What courage it must have taken to leave the world and people she knew—no matter how hard the life—to embark on a journey into the unknown.
The story is told that their last evening at home Mallie went out and gathered flower seedlings. When they settled in Wisconsin, the seeds were planted and, with each subsequent move, the progeny of those seeds moved with them.
It was from the gentle Mallie that the stories of Wales were imprinted on the children and grandchildren. There were the tales of the two oldest boys, then but small children, sent out to watch the flocks of sheep and protect them from the wolves that prowled the hillsides, and of Richard, the hat maker, whose production of the tall conical hats worn by Welsh women augmented their meager farming funds.
For the remainder of her life, Mallie spoke only Welsh. She was illiterate in writing—signing her marriage certificate with an “x”—and yet on her death bed she recited from memory her grandfather’s translation of Gray’s Elegy.
She, far more than Richard, kept the stream of “cumry” (cousinship) alive in the children’s minds—so much so that at least four of them made trips to Wales during their lifetimes.
Why did Frank Lloyd Wright suggest the name of Penwern for a Wisconsin home so elegant, so lavish, so unlike its Welsh predecessor? I can only guess it was to honor his grandmother. He was but a toddler when Mallie died (1870) but throughout his growing years he would have heard her stories, lauded the bravery that brought her to these shores, witnessed the loving, aching sense of loss from those she left behind.
Had Mallie stayed in Wales, insisted on the known over the unknown, fled from the hardships she knew were ahead of her how different would have been the lives of those generations yet to come. Would there, could there have been an architect, Frank Lloyd Wright, without her brave plunge into the future? Instead, her legacy lives on in the lives of her American descendants and in the opportunities her sacrifices provided for those willing to experiment, dream, dare, create anew. I like to think that the name “Penwern”, superimposed on an extraordinary American estate, is a bow of homage from a grateful grandson.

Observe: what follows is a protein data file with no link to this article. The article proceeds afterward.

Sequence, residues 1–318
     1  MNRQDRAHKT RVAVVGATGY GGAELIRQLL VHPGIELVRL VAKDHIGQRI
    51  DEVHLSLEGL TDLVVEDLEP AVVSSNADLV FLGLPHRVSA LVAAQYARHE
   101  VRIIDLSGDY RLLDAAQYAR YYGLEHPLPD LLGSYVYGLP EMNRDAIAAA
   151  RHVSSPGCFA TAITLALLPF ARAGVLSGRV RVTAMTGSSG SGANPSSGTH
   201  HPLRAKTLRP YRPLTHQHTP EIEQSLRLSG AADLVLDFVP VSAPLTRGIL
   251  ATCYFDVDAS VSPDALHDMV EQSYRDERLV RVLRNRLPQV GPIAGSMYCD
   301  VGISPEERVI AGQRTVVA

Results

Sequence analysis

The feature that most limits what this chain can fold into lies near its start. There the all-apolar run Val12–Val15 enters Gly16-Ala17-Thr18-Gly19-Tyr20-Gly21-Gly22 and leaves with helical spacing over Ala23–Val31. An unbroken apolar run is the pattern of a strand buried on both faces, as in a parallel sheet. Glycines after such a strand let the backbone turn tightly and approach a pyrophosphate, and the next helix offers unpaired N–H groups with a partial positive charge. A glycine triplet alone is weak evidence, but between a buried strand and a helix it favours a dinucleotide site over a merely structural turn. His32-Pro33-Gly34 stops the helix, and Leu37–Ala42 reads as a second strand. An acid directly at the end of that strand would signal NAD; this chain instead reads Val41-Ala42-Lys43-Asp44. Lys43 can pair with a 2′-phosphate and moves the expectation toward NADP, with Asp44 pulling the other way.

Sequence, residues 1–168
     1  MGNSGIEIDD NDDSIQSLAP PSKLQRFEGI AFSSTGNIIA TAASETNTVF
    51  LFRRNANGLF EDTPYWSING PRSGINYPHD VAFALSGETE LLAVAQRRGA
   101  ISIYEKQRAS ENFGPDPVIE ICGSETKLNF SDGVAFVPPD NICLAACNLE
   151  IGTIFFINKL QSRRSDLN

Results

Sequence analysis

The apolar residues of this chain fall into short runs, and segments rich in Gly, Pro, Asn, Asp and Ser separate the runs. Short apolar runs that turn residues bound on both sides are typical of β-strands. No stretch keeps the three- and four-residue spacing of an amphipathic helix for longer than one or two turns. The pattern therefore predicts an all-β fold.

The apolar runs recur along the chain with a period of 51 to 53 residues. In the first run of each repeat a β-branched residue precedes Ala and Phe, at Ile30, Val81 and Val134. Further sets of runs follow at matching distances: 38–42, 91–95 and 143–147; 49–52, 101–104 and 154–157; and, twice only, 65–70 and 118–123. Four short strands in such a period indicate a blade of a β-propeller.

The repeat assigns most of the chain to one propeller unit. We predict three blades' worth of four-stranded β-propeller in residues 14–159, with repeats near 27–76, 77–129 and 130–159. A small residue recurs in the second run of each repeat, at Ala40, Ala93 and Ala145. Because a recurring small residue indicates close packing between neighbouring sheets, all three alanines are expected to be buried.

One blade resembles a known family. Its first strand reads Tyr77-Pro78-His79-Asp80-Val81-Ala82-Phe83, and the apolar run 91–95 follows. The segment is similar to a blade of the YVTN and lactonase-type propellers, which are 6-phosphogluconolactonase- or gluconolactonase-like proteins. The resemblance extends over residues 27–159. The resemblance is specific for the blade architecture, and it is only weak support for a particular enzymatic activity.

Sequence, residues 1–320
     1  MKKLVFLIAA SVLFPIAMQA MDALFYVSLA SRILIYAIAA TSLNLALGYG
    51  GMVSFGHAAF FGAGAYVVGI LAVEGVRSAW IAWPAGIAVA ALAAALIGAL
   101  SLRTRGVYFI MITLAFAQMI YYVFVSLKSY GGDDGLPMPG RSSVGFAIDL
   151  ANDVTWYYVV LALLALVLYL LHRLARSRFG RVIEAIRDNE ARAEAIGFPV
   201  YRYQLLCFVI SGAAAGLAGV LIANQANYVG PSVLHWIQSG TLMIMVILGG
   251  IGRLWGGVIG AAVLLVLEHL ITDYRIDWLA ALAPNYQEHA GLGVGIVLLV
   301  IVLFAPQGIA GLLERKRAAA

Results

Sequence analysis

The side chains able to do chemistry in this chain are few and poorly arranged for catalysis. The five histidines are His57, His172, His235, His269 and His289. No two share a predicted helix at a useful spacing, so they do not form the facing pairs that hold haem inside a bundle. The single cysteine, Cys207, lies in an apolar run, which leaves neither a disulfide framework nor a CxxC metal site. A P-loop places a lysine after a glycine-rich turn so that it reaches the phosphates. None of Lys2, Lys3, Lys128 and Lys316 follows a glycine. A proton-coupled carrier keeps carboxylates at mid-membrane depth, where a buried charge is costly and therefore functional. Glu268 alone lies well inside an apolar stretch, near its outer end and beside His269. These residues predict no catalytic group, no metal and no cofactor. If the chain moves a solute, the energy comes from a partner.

Photos and text (c) Mark Hertzberg
Sean Malone, the president and chief executive officer of the Frank Lloyd Wright Foundation, will leave his position in February, after four years. He had been at least the sixth CEO in a decade when he began his tenure in 2012. His departure came as a surprise to outsiders.
Malone at the annual Wright birthday dinner at Taliesin, June 6, 2012
Malone and the Foundation said in a press release that the position requires someone at Taliesin West in Scottsdale full-time. Malone has been dividing his time between Scottsdale and his home near Milwaukee, and wants to stay in Wisconsin for family reasons. He told me in 2012 that he did not foresee problems operating from Milwaukee because he would be traveling widely raising money for the Foundation, something he could easily do from Milwaukee.
There are three parts to this retrospective: My photo history of Sean during his tenure, my April, 2012 profile of him, written as he began his stewardship of the Foundation, and then, after you read the profile, highlights of our conversation July 13, 2015 when I asked him to reflect on his stewardship of the Foundation. I chose to let his 2015 words speak for themselves, rather than interpret them. He used one phrase repeatedly during our conversation, that looking back at his stewardship was taking a view “from 30,000 feet.”